Austin previously was senior vice president of the company’s National Systems Group, which supports the national security space and intelligence community in the acquisition, launch and orbital operation of advanced technology space systems and their ground data stations. She was senior vice president of Special Studies from January 1 to April 1, 2004, and from June 2001 through December 2003 was senior vice president of the Engineering and Technology Group, directing a staff of 1,000 engineers and scientists working in a wide range of space-related disciplines.
Austin earned a bachelor’s degree in mathematics from Franklin & Marshall College, master’s degrees in systems engineering and mathematics from the University of Pittsburgh, and a doctorate in systems engineering from the University of Southern California.
Dr. Freeman A. Hrabowski, President of UMBC since 1992, is a consultant on science and math education to national agencies, universities, and school systems. In 2012, he was named by President Obama to chair the President’s Advisory Commission on Educational Excellence for African Americans. He leads a university that has been recognized as a model for inclusive excellence by such publications as U.S. News, which the past 10 years has recognized UMBC as a national leader in academic innovation and undergraduate teaching. In 2012, he was named one of the 100 Most Influential People in the World by TIME, and more recently he received the American Council on Education’s Lifetime Achievement Award (2018), the University of California, Berkeley’s Clark Kerr Award (2019), and the University of California, San Francisco’s UCSF Medal (2020). His most recent book, The Empowered University, examines how university communities support academic success by cultivating an empowering institutional culture.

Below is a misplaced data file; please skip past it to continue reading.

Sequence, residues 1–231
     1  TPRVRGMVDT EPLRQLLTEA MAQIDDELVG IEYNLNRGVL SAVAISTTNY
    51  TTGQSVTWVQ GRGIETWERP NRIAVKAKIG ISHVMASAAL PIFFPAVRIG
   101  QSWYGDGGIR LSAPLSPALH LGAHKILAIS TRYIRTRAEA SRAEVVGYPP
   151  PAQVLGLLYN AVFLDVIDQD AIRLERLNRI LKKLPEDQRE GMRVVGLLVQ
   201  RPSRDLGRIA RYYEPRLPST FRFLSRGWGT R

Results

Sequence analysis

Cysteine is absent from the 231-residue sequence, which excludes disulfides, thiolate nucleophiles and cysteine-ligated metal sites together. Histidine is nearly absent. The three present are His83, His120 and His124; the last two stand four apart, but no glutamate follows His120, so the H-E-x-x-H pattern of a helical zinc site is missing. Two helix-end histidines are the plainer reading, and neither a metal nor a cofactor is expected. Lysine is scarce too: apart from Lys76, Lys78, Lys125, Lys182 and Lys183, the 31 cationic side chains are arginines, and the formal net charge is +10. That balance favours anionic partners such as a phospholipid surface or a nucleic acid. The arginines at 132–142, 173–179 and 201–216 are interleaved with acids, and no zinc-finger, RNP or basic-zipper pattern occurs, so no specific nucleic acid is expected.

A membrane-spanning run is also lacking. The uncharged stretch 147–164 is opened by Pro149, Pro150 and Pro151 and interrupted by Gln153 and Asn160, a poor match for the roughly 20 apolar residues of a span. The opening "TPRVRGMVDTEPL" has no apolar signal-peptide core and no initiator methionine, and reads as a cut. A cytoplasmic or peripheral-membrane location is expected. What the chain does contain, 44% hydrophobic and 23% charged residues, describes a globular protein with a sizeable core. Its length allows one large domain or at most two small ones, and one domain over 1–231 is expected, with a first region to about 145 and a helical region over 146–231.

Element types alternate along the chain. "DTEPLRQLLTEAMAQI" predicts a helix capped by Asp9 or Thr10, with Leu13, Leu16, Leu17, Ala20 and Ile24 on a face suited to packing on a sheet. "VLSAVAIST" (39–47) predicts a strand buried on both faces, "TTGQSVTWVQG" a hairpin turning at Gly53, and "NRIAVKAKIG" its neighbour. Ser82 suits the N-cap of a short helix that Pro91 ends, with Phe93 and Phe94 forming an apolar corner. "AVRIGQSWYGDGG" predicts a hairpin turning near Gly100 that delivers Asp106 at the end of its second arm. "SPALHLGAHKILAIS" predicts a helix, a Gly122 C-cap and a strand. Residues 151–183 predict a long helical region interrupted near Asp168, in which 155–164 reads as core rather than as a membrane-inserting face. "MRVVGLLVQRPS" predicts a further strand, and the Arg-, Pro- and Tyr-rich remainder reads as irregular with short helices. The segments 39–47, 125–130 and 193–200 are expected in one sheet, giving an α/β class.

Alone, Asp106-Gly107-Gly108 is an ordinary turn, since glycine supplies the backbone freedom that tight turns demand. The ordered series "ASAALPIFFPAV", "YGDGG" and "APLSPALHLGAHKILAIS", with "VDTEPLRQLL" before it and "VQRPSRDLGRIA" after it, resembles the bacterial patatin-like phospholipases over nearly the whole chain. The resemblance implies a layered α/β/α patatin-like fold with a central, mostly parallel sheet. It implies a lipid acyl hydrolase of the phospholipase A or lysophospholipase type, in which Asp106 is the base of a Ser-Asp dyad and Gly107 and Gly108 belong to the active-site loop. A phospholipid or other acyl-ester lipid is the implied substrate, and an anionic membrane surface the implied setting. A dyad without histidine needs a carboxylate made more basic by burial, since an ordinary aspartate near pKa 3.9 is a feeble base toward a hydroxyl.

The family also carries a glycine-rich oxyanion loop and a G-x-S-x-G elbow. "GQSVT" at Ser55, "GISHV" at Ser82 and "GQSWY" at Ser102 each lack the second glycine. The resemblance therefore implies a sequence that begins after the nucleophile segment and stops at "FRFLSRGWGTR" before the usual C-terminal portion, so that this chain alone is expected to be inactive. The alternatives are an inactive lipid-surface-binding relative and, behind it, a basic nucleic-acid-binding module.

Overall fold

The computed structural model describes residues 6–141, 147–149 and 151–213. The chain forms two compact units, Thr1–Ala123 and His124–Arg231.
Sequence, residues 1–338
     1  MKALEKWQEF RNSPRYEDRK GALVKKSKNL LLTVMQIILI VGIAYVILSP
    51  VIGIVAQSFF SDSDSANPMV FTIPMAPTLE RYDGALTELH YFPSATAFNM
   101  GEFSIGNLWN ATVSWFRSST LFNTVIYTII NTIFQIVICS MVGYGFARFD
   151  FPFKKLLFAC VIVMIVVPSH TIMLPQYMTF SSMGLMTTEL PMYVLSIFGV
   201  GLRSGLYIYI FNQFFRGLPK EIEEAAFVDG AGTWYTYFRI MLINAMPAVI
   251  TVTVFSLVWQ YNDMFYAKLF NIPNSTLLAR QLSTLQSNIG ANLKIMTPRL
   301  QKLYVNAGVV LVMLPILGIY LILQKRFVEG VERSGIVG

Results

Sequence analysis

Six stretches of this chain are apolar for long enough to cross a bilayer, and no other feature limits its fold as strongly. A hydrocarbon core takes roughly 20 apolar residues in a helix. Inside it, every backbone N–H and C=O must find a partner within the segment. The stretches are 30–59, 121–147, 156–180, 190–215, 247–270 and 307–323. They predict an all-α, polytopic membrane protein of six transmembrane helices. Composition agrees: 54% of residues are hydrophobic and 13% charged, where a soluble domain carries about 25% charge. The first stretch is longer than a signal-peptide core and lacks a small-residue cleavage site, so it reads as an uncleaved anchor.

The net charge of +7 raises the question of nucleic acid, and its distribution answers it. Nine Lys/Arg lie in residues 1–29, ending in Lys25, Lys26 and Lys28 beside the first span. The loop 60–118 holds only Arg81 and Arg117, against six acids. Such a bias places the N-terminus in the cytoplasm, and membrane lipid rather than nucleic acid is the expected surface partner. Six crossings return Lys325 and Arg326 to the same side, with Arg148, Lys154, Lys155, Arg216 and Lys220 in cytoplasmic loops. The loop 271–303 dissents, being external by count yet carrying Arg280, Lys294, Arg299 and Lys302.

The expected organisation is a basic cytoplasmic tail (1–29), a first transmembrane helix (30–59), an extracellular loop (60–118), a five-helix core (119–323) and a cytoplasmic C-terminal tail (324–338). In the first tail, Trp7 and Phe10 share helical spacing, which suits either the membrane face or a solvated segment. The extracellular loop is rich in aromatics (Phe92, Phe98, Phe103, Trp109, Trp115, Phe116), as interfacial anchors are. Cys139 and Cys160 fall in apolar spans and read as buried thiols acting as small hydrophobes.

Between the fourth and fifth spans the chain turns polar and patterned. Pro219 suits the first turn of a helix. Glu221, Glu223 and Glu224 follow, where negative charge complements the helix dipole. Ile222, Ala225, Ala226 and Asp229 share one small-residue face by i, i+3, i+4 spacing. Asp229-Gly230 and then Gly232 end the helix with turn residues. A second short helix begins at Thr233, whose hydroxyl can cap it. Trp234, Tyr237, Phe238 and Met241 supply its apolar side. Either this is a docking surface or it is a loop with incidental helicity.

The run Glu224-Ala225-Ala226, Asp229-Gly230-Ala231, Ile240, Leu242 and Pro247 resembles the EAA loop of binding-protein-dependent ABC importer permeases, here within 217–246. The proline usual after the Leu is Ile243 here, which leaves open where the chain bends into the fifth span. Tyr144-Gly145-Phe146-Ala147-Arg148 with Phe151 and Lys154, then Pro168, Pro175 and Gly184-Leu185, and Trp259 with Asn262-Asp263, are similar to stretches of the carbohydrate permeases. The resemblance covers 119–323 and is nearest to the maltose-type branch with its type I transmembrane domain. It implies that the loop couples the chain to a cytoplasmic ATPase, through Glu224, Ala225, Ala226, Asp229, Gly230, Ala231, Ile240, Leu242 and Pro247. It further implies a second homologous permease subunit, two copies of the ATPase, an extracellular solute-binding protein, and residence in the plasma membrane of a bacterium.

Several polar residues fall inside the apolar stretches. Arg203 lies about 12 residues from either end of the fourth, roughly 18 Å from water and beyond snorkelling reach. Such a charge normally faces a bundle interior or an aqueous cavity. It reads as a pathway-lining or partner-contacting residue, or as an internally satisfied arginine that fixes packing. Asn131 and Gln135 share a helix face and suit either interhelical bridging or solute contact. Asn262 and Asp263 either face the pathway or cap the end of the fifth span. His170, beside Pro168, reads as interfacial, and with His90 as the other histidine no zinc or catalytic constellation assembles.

Sylvester James “Jim” Gates, Jr., (born December 15, 1950) is an American theoretical physicist. He received two B.S. degrees and a Ph.D. degree from the Massachusetts Institute of Technology, the latter in 1977. His doctoral thesis was the first one at MIT to deal with supersymmetry. In 2017, Gates retired from the University of Maryland, and is currently the Brown Theoretical Physics Center Director, Ford Foundation Professor of Physics, an Affiliate Mathematics Professor, and a Faculty Fellow, Watson Institute for International Studies & Public Affairs at Brown University. While at the University of Maryland, College Park, Gates was a University System Regents Professor, the John S. Toll Professor of Physics, the Director of the String and Particle Theory Center, and Affiliate Professor of Mathematics. Gates served on the U.S. President’s Council of Advisors on Science and Technology, contemporaneously on the Maryland State Board of Education from 2009-2016, and the National Commission on Forensic Science from 2013-2016. He is known for his work on supersymmetry, supergravity, and superstring theory. In 1984, working with M.T. Grisaru, M. Rocek, W. Siegel, Gates co-authored Superspace, the first comprehensive book on the topic of supersymmetry. In 2017, working with Frank Blitzer and Stephen Jacob Sekula, he co-authored Reality in the Shadows (Or) What the Heck's the Higgs? In 2019, together with Cathie Pelletier, he co-authored Proving Einstein Right: The Daring Expeditions that Changed How We Look at the Universe.